In the final section, the stories of all the characters are neatly tied up. While Auster is a good writer, and I've enjoyed many of his books, I don't think Sunset Park is one of his better works. I felt the novel was unfocused (or perhaps had too broad of a focus), and lacked cohesion. I'm not sure what the point of including such detail about the characters Miles was squatting with was. I don't know what their live stories, each with a beginning and a resolution, added to what I believe was essentially Miles's story.

In addition, parts of the novel felt simplistic and unreal (Miles and Pilar meet in a park where they are both reading The Great Gatsby. He falls in love with her because she is so smart for a teenager. And Mile's father, who has been secretly spying on Miles, witnesses their first meeting.).

Overall, reading Sunset Park was an interesting ride, but in the end I wasn't sure where I'd been and why.
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LibraryThing member smcbeth
I was drawn into this book and started out loving it, lost that lovin' feelin' and got it back again only to lose it yet again. I think the extra characters were superfluous. I was interested in Miles and his family and Pilar. I found the others tedious distraction. I could have used way less of
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them. I thought the whole ending was BAD, from the cops entrance to Sunset Park, what ensues, and how Miles resolves his dilemma. However, Auster is a very captivating writer who can really turn a phrase and write some absolutely beautiful prose. I'm willing to try another Auster book. Maybe this wasn't his best.
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LibraryThing member keren7
I liked this book and found it more readable than the past Auster books I've read. I at first really got into this book, but then I found it harder to pick up as the story way slowed down. And then, just when I liked the book again, the story takes a puzzling turn for the worst. Its almost liked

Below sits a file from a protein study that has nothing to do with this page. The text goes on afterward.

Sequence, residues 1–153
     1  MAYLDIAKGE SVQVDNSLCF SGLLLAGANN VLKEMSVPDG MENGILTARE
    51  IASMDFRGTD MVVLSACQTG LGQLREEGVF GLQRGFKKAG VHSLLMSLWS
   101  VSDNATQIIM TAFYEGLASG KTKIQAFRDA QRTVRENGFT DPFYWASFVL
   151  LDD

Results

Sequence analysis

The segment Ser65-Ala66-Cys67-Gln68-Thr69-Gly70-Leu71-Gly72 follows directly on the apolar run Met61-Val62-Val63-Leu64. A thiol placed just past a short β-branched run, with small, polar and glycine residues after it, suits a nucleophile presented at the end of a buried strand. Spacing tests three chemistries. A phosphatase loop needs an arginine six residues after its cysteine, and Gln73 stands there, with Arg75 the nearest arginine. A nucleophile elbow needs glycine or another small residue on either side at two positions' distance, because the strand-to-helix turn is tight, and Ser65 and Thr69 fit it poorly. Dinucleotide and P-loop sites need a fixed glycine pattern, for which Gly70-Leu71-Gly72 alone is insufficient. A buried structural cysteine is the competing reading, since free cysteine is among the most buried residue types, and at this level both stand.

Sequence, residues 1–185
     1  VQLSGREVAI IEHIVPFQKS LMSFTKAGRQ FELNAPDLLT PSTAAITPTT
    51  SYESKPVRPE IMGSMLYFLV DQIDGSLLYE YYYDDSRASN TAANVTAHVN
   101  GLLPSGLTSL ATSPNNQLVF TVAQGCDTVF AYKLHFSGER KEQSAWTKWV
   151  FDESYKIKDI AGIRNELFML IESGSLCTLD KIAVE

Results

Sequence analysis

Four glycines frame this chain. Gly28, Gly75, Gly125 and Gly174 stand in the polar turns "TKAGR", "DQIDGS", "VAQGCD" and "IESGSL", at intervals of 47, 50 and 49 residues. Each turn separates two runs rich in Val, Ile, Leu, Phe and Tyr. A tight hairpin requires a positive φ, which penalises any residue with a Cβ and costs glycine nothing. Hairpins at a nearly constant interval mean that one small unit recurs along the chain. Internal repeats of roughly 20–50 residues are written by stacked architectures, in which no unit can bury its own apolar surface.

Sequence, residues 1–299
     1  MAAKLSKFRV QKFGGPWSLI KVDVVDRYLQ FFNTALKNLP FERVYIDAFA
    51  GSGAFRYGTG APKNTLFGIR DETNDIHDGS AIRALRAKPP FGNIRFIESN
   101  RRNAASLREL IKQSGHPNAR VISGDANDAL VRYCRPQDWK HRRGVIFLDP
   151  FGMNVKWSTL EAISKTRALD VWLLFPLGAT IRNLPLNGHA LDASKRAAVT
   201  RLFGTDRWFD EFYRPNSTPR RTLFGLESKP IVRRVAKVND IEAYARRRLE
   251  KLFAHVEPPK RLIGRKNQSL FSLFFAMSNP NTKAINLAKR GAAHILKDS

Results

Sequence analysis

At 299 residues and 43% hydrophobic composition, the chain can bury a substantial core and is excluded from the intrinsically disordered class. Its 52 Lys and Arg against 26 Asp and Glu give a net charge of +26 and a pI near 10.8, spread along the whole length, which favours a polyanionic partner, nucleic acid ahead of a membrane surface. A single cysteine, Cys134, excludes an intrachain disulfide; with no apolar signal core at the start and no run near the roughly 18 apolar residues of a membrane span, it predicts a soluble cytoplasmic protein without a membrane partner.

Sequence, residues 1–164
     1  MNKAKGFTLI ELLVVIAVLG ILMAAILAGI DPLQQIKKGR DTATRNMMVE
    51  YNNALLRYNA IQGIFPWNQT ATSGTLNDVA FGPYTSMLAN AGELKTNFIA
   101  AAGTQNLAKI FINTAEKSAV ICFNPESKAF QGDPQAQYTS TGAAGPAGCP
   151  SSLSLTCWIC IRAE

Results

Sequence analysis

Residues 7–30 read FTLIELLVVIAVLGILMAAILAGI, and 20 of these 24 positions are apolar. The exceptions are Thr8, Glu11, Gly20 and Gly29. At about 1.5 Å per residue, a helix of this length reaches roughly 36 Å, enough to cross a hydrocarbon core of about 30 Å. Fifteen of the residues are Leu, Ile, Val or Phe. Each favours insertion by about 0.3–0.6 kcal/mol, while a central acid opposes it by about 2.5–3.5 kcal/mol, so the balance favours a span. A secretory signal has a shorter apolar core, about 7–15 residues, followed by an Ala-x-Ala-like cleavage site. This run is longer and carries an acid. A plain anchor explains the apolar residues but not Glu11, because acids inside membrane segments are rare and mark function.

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Auster didn't know where the story was going and he finally decided at the end but he didn't spend a lot of time trying to develop the ending. The ending was such a let down for me, but oveall the character study was good.
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LibraryThing member quilted_kat
Miles Heller is an emotionally damaged young man who has been hiding for seven and a half years from his family and his past. When his new life takes an unexpected turn, he accepts the offer of an eccentric friend to join him in a squat in New York with several other people: a college student
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working on her dissertation, and an artist.

I usually love Paul Auster's writing. This story, however, felt rather flat. The minor characters surrounding Miles held more depth and interest than his own story. A rather unsatisfying book, with an unsatisfying ending. But, coming from Paul Auster, there were still a lot of good tidbits hiding around the edges.
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LibraryThing member skippersan
In Sunset Park, Paul Auster explores a couple of old themes: self-chosen poverty and reconciliation with a father. Two defining events in Miles Heller’s life have brought him to where the novel begins. When sixteen years old, while living in New York, he had argued with his older stepbrother,
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Bobby, and ended up shoving him into the street where he fell in front of a speeding car. Of course the memory of the death haunted Miles, but not nearly as much as the nagging self-doubt as to whether he heard or saw or somehow knew of the car’s approach before giving the fatal shove. He knew he had mixed feelings about his stepbrother, but could never be sure afterward that he hadn’t meant to kill him. The second defining moment came, five years afterward, when he overheard a mean conversation between his parents about him and what he had become since Bobby’s death. After hearing that conversation, he dropped out of college and simply disappeared, never contacting his parents in any way for over seven years.